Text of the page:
Though they met inconsistently, it is still disrespectful that IPR did not include any information about CRC's Work Groups. There is, however, an oblique reference to CRC holding "sessions related to strengthening the committee internally." Though they boast about their recruiting an undisclosed number of applicants for the PRB and CRC (but note 25 of the applicants were women and 16 were from the LGBTQ or non-white ethnic communities-p. 5), they do not mention that following resignations, three new members were appointed to CRC in 2016 (following three resignations): Neil Simon, Marisea Rivera, and Andrea Chiller.

It is notable that IPR's flowcharts of how the system works (pp. 5&7) still do not mention the role of City Council in hearing appeals,*-11 especially since such an appeal was triggered by CRC action in 2016 (but held in 2017).

The report also does not mention two of the CRC and PRB's most significant functions: One, that either body can send a case back for more investigation if the original information is lacking (CRC did this with the lawyer witness complaint),*-12 and two, that they make policy recommendations to the Bureau. Since IPR's strategic plan includes a proposal to track such recommendations, PCW hopes to see a table of all CRC, PRB, IPR and deadly force review recommendations in future annual reports.

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As noted above, for the first time in 15 years, IPR did not include data on the most common complaint allegations. PCW has tracked these data annually and published them as part of our analyses, showing, for instance, that Force was the #3 allegation in 7 of the last 8 years, with Rudeness and Failure to Act switching off between the #1 and #2 slots in that time. This year, IPR only lists Procedure (#1/359 allegations), Conduct (#2/308 allegations), Courtesy (#3/103 allegations), Force (#4/143 allegations), Disparate Treatment (#5/25 allegations), and Control (#6/1%/8 allegations). Since the top three include a large variety of policies, whereas Force and Disparate Treatment essentially focus on one each, this is like comparing apples and stacks of apples. The report has a chart showing just the past two years (p. 12), indicating an increase in most categories, but the data tables (data p. 4) show four years of data. The chart impressively combines the data with the definitions for each category, but only shows raw numbers and not percentages.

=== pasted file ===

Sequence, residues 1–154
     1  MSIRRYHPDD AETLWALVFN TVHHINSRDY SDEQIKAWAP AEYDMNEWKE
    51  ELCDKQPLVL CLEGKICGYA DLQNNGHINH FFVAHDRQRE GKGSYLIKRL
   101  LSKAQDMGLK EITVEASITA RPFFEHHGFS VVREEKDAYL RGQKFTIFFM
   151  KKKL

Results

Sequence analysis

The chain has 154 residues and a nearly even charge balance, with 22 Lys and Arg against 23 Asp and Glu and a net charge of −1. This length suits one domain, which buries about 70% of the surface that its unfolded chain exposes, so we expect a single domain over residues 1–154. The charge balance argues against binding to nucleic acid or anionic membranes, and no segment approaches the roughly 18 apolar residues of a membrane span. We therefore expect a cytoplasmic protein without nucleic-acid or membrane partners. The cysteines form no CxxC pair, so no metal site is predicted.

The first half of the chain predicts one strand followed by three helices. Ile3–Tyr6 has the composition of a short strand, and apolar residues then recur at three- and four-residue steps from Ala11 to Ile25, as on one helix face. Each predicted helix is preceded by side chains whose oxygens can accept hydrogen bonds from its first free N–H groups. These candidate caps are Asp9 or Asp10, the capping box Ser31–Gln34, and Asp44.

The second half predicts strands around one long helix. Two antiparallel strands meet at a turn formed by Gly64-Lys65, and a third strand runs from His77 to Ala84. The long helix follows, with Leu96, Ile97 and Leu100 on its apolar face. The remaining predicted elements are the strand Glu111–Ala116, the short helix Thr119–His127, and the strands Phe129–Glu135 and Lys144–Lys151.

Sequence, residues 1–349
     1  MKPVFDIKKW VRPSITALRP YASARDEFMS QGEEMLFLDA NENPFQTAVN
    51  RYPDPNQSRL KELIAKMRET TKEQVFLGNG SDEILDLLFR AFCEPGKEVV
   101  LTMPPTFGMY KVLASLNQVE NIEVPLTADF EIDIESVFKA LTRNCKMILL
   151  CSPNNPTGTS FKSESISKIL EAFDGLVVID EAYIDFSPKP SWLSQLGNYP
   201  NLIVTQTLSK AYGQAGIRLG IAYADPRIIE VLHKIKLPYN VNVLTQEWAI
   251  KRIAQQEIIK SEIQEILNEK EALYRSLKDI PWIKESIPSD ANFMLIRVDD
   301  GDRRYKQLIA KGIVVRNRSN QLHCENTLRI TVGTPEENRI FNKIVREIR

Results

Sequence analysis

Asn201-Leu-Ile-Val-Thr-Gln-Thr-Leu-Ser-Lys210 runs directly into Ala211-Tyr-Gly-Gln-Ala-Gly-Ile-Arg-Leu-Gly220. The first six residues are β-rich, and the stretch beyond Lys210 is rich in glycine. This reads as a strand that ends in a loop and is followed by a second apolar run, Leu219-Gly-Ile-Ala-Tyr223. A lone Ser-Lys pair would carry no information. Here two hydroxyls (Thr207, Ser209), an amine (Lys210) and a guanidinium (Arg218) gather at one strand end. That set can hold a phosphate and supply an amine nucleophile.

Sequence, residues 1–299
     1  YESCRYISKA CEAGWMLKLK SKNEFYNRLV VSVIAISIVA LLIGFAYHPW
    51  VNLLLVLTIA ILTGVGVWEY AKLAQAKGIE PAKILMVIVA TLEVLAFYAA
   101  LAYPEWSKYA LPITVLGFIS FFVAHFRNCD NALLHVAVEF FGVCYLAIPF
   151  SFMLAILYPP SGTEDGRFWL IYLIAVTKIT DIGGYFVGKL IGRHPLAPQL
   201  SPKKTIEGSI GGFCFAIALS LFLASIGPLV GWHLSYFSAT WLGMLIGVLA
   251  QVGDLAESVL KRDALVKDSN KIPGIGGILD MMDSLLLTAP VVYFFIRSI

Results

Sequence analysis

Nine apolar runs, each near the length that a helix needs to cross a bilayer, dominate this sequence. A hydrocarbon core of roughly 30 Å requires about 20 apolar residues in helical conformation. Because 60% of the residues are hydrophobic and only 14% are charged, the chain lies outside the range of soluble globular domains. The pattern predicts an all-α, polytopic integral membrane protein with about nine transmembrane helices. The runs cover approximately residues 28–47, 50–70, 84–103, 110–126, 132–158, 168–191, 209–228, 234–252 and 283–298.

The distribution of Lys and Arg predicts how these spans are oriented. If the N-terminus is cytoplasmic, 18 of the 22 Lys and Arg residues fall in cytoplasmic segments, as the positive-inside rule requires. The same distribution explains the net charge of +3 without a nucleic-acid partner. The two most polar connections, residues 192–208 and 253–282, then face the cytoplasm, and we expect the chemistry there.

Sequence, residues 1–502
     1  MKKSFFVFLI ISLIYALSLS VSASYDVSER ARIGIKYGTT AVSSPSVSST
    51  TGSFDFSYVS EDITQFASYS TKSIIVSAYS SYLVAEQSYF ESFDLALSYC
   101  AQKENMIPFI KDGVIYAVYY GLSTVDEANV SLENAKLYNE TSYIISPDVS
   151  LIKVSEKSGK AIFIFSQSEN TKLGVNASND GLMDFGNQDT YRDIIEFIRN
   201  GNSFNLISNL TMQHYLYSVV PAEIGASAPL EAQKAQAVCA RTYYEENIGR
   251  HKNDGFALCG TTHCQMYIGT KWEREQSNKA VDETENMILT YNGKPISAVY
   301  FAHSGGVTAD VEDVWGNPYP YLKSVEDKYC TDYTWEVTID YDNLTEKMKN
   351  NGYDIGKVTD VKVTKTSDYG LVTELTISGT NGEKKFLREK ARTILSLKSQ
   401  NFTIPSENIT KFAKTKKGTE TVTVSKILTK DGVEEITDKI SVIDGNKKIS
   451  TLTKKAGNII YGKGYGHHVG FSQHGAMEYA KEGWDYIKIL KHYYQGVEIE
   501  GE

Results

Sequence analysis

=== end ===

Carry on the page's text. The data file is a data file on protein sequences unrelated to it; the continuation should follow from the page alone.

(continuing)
The only tidbit in the body text not discernible from the data is that African- and Asian- Americans alleged more Conduct than Procedure violations. The increase in Force allegations (from 9% in 2015 to 14% in 2016) is attributed to the protest actions noted above.

The closest IPR comes to divulging the content of Bureau allegations is that Conduct violations include demeaning/defamatory language use, and that these complaints were more common than Procedure this year (p. 15). Those numbers can only be found on data p. 1, and they are: 67 Conduct/26 Procedure compared to 24 Conduct/31 Procedure in 2015. IPR claims this bucks historical trends, but records show Procedure was 9-25% of Bureau allegations, then 0, then 15%, before jumping to 51-57% in 2013- 2015. So once again, IPR has their facts wrong.

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The report makes a point that while the number of Force complaints (62) and allegations (143) jumped from 2015 (when they were at 36 and 69), they show that reported force used by the Bureau remains relatively steady (between 972 and 1096 reports 2012-2016). PCW has crunched some numbers here and determined this means that civilians formerly complained 6-7% of the time when force was used, but now complain 13% of the time.*-13